Andrew Johnston sparkled under lights at Canary Wharf, winning his second Hero Challenge of 2018.
The crowd favourite overcame a strong challenge from World No. 2 and tournament host, Justin Rose, defending British Masters champion Paul Dunne, Hero Indian Open winner Matt Wallace and Danish Ryder Cup heroes skipper Thomas Bjorn and Thorbjorn Olesen.
Pawan Munjal, MD and CEO of Hero MotoCorp Ltd, presented the winner's trophy to Johnston, who joined Alexander Levy, Lee Westwood, Patrick Reed, Li Haotong and Matt Kuchar as Hero Challenge champions.
The crowds chanted in a "Ryder Cup" manner at the South Dock at Canary Wharf, which had the spectacular backdrop of skyscrapers with fans lined the area all around the water, making for an electric atmosphere.
The players had to find "floating pontoon green" off a custom built target platform being used as a tee-box. They were split into two groups, with each player having six shots to score as many points as they could. The top two players from each group advanced to the semi-finals.
In Group One, Johnston made a splash of his first shot, putting it into the water before he scored the first points of the evening as he spun the ball back for 20 points. He failed to score with his final four shots and totalled 20.
Reigning Hero Indian Open champion, Wallace, put the first two shots in water but scored five with the third for his only points. That left Rose an easy target to beat to make the semi-finals.
Rose hit what was probably the most spectacular shot of the evening, pitching almost straight into the hole to secure 50 points. He followed that up with a 15 and a 20 and landed yet another shot on the last hit for a whopping total of 90 points.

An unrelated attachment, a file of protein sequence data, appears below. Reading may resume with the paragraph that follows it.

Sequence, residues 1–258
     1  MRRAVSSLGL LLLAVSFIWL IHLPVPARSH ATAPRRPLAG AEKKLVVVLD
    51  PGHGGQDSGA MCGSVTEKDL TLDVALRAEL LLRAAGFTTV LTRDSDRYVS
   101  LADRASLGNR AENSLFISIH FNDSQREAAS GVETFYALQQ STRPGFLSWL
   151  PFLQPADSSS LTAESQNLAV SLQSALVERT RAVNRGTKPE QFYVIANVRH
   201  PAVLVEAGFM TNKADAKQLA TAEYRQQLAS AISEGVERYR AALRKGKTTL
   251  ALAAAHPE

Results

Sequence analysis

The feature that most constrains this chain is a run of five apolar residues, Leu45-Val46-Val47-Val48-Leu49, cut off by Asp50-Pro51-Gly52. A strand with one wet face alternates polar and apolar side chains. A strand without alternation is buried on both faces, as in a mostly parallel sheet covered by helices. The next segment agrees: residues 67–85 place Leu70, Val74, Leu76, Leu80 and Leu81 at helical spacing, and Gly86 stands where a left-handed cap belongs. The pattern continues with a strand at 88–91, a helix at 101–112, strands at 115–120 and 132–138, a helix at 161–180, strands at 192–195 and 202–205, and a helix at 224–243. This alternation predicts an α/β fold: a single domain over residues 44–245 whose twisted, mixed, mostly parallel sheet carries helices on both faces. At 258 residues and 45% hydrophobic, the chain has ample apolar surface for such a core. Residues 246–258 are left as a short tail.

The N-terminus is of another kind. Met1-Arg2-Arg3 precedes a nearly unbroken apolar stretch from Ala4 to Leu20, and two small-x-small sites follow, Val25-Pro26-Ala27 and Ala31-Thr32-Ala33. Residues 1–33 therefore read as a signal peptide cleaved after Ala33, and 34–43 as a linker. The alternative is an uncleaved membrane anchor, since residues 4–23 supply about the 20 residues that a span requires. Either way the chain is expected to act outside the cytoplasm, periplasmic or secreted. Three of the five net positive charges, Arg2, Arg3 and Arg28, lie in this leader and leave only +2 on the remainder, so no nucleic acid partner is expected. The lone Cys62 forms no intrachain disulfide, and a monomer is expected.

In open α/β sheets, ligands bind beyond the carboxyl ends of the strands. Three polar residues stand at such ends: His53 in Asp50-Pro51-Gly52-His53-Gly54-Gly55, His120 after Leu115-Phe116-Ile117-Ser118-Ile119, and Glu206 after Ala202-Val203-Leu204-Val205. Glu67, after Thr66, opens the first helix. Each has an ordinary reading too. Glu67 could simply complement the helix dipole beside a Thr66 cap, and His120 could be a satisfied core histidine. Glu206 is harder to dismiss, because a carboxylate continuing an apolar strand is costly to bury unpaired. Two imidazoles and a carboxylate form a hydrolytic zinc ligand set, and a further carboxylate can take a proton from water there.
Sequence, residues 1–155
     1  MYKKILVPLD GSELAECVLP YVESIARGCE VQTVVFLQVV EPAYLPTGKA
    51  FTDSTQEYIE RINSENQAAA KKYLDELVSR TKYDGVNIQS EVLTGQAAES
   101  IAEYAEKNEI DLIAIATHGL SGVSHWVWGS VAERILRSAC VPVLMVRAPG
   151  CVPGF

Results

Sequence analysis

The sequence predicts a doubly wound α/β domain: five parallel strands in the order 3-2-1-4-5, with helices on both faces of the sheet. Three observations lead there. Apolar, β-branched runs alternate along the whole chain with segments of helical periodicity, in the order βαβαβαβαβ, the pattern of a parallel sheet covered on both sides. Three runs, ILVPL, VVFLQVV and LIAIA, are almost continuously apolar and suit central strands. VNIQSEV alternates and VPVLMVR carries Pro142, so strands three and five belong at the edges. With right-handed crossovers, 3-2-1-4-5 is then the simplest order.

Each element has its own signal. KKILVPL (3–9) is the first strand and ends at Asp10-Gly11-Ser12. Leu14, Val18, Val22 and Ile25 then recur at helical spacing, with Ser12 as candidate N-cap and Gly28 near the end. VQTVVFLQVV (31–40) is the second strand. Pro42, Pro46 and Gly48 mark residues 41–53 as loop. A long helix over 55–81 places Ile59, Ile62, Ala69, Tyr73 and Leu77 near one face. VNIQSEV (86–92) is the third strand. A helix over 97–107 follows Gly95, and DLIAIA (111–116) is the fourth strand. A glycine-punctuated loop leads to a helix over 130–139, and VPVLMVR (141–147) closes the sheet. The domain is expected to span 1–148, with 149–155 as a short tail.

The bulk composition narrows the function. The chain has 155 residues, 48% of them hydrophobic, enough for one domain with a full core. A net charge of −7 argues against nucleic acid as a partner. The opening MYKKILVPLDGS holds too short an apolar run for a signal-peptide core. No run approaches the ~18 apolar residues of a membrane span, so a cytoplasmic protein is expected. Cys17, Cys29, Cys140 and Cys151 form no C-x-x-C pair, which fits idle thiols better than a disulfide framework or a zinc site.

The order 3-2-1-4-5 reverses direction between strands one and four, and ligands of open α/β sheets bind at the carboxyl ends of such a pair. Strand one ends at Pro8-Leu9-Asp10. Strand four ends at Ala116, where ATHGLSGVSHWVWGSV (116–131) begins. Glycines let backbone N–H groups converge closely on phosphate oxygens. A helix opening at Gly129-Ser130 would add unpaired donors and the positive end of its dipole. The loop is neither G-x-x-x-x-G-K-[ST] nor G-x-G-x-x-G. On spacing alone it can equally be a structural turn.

In Group Two, Ryder Cup Captain Bjorn got a massive ovation even though he missed with his first five shots but the last shot fetched him 20. Dunne scored 25 with his second ball and added a ten with the last. Olesen missed his first four shots but he spun his fifth shot back for the second bullseye (50 points) of the night and earned a place in the semi-finals.
In the first semi-final, Rose and Dunne missed their first three hits and then Dunne scored ten with his fourth and 20 with his last. Rose shot just 15 and Dunne was through.
In the second semi-final, Olesen scored 15 with his opener and Johnston matched it with his fourth shot before the latter scored another 15 with his final ball to advance.
Dunne got on the board first in the final, scoring a five with his second ball, but Johnson registered a 20 with his fifth and when Dunne came up short and went into the water with his last shot, Johnston's final attempt was a mere formality.
A thrilled Johnston said, To do it in front of the home fans is always good. I always get great support wherever I go but London is special because it's my home.
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